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Legacy Of The First-Ever Aircraft Hangar



Amazing feats of aviation are only made possible with the help of consistent, stable shelters for the aircraft and engineers, but aircraft hangar buildings are often unheralded in the achievements of magnificent pilots and their flying machines.


Despite this, a hangar is typically critical not only to preserving the structural integrity of a craft and avoiding the issues that being left in the elements can cause, but also often have additional facilities to help test, repair and maintain aircraft as part of their gigantic footprints.


Whilst this is very much the case with the high-tech aviation world of the 2020s, it was true right from the very start of sustained powered flight, and the hangar that made the first ever flight possible.


Two Brothers, Two Buildings


The two brothers, Wilbur and Orville Wright, need little introduction. The pair were pioneering engineers who used their success in selling safety bicycles to fund a growing passion for gliding and flight.


What they quickly realised was that of the three major challenges to powered flight (lift, power and control), the latter still required considerable work. 


Early prototype gliders and planes required the pilot to shift their weight around the craft, possibly contributing to the many failures and crashes.


Whilst they had a potential concept in wing warping, they were heavily limited in their aeronautic endeavours by being located in Dayton, Ohio.


As a result, they moved to Kitty Hawk, a town in North Carolina, somewhere that had been suggested by French engineer Octave Chanute, the man who had designed the biplane glider that inspired the Wright Brothers in the first place.


It had regular breezes that were strong enough for gliding but not so unpredictable as to be dangerous, whilst the soft sand would help cushion their landings as much as possible.


Every autumn and winter, when the winds started to pick up, the Wrights would travel to Kitty Hawk, set up a makeshift workshop with enough space for their gliders and gather data for a future flight.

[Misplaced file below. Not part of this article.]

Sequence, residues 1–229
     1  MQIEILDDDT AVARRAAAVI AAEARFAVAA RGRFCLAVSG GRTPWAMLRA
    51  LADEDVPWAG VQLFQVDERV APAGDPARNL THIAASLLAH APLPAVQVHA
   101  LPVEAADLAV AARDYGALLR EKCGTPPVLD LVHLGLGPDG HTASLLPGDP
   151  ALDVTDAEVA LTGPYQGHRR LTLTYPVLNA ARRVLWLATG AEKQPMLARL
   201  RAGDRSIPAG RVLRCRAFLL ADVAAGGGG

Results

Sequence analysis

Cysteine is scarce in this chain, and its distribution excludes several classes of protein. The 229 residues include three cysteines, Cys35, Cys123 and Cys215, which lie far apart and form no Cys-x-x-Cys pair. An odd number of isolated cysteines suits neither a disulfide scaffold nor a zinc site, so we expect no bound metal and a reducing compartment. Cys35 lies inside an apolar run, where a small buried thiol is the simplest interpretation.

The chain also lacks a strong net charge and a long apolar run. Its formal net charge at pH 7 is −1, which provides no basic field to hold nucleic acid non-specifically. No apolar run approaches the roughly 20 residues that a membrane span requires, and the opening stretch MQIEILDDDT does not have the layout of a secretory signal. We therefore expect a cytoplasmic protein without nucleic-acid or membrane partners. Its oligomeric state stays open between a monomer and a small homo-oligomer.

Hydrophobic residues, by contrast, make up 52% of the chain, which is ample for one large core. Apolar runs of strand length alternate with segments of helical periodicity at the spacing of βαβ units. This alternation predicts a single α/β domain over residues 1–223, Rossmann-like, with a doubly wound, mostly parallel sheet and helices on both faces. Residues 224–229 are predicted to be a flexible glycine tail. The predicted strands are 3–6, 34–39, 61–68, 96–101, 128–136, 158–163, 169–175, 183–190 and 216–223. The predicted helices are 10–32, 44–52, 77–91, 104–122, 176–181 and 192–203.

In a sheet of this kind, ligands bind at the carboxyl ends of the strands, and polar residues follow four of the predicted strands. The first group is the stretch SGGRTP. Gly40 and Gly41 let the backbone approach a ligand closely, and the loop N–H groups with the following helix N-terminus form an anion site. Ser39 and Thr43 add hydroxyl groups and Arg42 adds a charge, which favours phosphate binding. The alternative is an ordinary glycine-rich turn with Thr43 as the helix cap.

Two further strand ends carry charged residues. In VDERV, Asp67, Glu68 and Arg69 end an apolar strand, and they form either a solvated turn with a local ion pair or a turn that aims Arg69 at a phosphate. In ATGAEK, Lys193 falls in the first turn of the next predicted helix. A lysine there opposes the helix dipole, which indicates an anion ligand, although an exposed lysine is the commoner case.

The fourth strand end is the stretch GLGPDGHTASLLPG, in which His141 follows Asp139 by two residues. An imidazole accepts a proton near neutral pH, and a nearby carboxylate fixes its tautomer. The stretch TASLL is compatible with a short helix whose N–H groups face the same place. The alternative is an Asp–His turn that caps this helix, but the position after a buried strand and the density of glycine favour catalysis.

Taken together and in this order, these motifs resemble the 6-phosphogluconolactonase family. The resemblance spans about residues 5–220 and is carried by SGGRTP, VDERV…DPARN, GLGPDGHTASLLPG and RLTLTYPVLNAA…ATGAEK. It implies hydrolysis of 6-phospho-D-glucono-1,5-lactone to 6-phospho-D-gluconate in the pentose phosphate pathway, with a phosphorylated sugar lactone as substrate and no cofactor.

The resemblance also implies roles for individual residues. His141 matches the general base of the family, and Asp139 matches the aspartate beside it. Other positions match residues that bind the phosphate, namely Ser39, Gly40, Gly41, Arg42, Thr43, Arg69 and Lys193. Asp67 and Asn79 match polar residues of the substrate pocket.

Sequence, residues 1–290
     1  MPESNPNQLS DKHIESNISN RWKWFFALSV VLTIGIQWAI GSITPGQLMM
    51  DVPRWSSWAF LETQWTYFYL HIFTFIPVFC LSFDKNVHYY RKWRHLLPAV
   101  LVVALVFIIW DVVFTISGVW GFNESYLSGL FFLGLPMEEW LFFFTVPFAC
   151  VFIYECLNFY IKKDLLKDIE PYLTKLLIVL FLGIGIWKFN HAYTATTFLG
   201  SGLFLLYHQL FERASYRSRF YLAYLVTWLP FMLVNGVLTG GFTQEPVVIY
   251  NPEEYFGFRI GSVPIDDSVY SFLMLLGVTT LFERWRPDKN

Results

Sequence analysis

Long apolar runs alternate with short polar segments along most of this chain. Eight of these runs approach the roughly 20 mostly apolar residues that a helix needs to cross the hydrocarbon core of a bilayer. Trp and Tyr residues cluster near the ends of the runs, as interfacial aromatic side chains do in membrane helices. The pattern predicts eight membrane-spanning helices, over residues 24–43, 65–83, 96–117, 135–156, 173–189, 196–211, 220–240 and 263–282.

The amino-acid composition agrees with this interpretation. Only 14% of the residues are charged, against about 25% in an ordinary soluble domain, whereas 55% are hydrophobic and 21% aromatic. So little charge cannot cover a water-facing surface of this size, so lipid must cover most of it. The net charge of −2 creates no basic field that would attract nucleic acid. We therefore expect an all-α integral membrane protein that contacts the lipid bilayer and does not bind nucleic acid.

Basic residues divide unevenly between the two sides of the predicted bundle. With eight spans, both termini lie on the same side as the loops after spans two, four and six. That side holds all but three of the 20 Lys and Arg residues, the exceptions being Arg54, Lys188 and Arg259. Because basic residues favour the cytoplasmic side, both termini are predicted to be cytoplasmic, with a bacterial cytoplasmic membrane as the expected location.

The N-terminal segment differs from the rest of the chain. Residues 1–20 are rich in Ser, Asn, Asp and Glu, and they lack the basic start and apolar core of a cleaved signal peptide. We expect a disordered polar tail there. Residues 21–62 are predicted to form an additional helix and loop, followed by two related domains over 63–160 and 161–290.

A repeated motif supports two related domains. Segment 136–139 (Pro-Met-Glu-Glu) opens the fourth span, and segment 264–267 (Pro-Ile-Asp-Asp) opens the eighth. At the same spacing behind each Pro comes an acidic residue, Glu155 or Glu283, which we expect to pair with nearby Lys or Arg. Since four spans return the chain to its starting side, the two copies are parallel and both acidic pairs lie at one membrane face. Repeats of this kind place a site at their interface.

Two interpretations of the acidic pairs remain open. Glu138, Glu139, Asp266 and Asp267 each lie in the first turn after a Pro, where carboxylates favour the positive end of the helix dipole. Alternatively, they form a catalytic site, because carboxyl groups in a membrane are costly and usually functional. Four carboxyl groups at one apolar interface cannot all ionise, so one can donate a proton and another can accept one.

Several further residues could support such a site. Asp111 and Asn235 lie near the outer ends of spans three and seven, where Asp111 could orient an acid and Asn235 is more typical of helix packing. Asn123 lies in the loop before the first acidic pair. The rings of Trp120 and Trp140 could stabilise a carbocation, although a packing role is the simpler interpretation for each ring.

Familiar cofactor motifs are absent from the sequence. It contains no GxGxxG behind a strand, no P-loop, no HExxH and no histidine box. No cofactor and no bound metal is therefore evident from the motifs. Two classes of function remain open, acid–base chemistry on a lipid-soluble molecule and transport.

By 1903, however, they had committed themselves to powered flight and understood that to sustain this flight with the added weight they needed to build much bigger wings and much wider planes.


This resulted in them constructing a 44-foot-long hangar to keep the Wright Flyer safe, and a smaller building next to it to keep themselves sheltered.


They did not build the flying machine in this hangar, instead constructing the plane at their workshop in Dayton before shipping it across to Kitty Hawk where they would put it back together by November 1903.


They would finally succeed on 17th December 1903 in creating a sustained powered flight, flying 260m on its final flight before it crash landed and was ultimately destroyed by powerful winds.


The Wrights would continue to use this hangar until 1911 when it was abandoned and quickly torn asunder by the elements.


It has since been reconstructed no less than four times to commemorate this aviation feat.


The first was in 1953, and it lasted ten years before being destroyed by a termite infestation. 


It was rebuilt again in 1965 before it needed replacing in 1976, and again in 1984 after being ravaged by a storm.


The fifth and final reconstruction was made in 1993, where minor repairs aside it has remained standing to this day.


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